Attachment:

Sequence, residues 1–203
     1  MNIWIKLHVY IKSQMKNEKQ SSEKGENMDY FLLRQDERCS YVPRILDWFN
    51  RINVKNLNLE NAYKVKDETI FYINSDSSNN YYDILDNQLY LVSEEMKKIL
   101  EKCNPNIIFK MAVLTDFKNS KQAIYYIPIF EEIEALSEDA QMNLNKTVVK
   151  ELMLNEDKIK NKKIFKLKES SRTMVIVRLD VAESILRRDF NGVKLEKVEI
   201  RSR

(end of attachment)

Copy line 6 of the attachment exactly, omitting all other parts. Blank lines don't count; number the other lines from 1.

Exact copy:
   201  RSR